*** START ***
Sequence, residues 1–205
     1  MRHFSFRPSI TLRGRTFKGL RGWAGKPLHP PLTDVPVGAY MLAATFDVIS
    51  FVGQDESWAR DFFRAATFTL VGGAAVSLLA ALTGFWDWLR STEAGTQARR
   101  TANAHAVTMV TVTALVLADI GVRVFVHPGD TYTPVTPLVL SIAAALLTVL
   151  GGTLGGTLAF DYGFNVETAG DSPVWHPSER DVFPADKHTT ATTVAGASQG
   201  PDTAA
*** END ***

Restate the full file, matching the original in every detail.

Sequence, residues 1–205
     1  MRHFSFRPSI TLRGRTFKGL RGWAGKPLHP PLTDVPVGAY MLAATFDVIS
    51  FVGQDESWAR DFFRAATFTL VGGAAVSLLA ALTGFWDWLR STEAGTQARR
   101  TANAHAVTMV TVTALVLADI GVRVFVHPGD TYTPVTPLVL SIAAALLTVL
   151  GGTLGGTLAF DYGFNVETAG DSPVWHPSER DVFPADKHTT ATTVAGASQG
   201  PDTAA